A European charging network for “battery electric heavy-duty long-haul trucks and coaches” will be developed jointly by three major transportation firms.
Volvo, Daimler Truck and the Traton Group have signed a non-binding agreement for the installation and operation of the network, the three companies said in a joint announcement earlier this week. The deal will lead to the creation of a joint venture in which all the three companies will have equal ownership and it is expected that the joint venture will start its operations in 2022.
The joint venture will be headquartered in the Dutch city of Amsterdam and the companies will together make an investment of 500 million euros (around $593 million) in the venture.
The companies said that they hope to set up, install and make functional at least 1,700 “green energy charging points” within the next five years.
The electric vehicle charging stations will be situated “close to highways as well as at logistic and destination points”, the firms said.
“The number of charging points is with time intended to be increased significantly by seeking additional partners as well as public funding,” they added.
The number of electric cars, buses, vans and heavy trucks on roads is expected to tough 145 million by 2030 globally, the International Energy Agency said in April.
The fleet of electric vehicles globally could increase even further and could touch as much 230 million vehicles by the end of the decade if various governments around the world ramp up their efforts to lower carbon emissions to meet international energy and climate goals, according to the Paris-based organization. Two- and three-wheeled electric vehicles were excluded from both of these projections.
And with the anticipated growth in the number of EVs in the world, there will also be increased need for extensive charging networks rolled out for all types of vehicles so that the increased demands could be met and for allying lingering concerns about “range anxiety” –fears that EVs will not be able to run for long distances without losing power and getting stranded.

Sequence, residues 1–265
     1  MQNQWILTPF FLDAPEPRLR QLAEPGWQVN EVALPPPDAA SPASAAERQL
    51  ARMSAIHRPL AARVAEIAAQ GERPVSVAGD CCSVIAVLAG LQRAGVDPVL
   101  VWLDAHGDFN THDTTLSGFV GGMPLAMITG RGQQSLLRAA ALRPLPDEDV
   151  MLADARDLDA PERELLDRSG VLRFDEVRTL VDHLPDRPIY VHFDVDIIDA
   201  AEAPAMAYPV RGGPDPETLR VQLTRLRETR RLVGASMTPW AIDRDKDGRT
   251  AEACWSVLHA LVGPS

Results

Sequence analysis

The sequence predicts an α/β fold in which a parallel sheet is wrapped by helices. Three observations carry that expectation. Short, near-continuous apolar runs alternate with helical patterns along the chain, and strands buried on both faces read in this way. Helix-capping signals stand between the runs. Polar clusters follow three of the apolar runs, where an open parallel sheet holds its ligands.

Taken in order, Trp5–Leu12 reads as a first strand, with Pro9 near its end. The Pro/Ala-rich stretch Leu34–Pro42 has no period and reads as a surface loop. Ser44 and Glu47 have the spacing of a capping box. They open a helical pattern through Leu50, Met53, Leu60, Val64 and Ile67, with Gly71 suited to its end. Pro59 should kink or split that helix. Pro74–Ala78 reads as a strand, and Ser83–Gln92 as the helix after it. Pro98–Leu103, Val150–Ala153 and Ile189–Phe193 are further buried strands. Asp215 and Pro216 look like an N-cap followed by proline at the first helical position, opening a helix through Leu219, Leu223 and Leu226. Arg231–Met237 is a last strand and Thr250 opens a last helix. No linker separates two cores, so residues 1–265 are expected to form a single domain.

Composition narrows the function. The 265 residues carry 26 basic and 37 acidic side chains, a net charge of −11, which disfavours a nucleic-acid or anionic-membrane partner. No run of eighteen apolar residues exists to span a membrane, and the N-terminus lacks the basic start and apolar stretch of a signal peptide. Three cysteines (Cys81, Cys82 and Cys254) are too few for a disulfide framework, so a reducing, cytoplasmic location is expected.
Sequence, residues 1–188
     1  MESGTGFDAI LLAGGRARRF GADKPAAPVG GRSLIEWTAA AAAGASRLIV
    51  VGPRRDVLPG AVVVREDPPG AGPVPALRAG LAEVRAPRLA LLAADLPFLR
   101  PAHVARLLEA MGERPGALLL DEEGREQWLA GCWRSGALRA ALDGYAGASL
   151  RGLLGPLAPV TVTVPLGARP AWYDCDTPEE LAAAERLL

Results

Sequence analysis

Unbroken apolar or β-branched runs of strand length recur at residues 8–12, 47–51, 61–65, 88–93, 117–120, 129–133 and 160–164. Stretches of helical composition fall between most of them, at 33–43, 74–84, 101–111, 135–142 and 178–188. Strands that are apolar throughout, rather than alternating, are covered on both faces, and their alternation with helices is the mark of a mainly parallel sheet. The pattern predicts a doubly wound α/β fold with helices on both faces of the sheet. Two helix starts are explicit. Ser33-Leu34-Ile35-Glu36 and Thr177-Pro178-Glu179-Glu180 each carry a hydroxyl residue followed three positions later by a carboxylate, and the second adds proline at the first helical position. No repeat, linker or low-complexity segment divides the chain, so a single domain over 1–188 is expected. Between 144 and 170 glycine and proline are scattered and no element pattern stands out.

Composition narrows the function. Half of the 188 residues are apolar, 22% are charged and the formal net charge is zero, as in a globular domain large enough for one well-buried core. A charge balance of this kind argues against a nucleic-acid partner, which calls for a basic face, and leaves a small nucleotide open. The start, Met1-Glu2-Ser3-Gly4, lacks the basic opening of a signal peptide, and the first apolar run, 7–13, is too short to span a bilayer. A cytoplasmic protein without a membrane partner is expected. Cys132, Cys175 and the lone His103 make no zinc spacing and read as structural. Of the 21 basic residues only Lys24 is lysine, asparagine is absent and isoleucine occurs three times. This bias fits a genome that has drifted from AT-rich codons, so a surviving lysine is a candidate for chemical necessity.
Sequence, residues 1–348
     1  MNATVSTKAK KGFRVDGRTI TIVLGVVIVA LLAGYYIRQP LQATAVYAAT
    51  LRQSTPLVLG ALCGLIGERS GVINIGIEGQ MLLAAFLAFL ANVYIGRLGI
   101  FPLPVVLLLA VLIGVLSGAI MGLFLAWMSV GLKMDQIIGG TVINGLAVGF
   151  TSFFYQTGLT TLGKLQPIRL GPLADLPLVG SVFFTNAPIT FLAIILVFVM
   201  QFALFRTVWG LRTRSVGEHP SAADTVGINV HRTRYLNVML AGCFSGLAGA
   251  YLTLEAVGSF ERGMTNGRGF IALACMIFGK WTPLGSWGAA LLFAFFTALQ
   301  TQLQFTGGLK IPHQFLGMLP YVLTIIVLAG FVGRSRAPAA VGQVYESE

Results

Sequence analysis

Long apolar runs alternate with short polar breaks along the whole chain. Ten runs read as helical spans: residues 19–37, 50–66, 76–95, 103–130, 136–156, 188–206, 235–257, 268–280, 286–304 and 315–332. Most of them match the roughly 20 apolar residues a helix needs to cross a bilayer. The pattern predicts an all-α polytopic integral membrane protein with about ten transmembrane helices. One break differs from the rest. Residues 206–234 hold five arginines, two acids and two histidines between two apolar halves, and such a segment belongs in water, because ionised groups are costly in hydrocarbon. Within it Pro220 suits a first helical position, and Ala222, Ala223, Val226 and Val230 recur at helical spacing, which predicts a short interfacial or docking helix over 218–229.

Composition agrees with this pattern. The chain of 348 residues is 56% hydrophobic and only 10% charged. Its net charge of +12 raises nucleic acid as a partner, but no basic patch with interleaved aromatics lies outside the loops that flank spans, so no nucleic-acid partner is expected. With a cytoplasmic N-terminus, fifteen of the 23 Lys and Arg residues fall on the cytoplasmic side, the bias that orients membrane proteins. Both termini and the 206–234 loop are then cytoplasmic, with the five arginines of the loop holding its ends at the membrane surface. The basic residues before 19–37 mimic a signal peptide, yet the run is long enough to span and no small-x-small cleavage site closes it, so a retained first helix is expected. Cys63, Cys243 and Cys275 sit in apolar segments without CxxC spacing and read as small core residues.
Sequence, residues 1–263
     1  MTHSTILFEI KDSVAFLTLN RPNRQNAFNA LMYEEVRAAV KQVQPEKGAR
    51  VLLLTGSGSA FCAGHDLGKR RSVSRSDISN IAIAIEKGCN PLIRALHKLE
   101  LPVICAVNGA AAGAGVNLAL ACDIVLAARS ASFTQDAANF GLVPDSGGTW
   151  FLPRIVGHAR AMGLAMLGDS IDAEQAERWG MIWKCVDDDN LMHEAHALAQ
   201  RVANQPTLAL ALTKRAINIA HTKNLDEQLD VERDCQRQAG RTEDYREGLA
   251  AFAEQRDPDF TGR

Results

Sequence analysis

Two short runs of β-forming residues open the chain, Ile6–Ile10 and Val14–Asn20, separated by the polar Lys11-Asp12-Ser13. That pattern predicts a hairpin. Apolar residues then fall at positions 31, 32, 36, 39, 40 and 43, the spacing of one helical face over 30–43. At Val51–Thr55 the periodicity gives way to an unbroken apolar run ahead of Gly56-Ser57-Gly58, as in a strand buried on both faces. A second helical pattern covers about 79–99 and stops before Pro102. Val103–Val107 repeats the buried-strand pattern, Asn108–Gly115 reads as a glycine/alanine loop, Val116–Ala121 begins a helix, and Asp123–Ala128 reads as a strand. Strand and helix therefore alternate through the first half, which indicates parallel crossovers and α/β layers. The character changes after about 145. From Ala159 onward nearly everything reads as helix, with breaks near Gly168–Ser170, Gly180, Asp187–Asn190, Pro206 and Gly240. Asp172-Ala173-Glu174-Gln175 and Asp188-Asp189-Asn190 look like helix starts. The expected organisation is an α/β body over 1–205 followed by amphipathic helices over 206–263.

Further, the challenges posed by the electrification of long-haul, heavy-duty trucks and coaches are unique in themselves. According to the IEA’s Global EV Outlook for 2021, “long-haul trucking requires advanced technologies for high power charging and/or large batteries.”
The reasons for need to set up special charging networks for heavy duty vehicles was explained by Volvo’s chief technology officer, Lars Stenqvist.
“Right now, we are producing and distributing electric heavy duty trucks mainly for refuse applications, for city applications,” he said. “And those vehicles, normally they’re coming home to their ‘base camp’ every evening for charging.”
Regional and long haul applications would be the next step on the journey, Stenqvist said.
“Then, you are dependent on … [getting] the pan-European charging network in place and, right now, it’s a little bit of [a] chicken and egg discussion because there are no vehicles out there and … no infrastructure. But if there is no infrastructure, there will not be any vehicles.”
(Adapted from CNBC.com)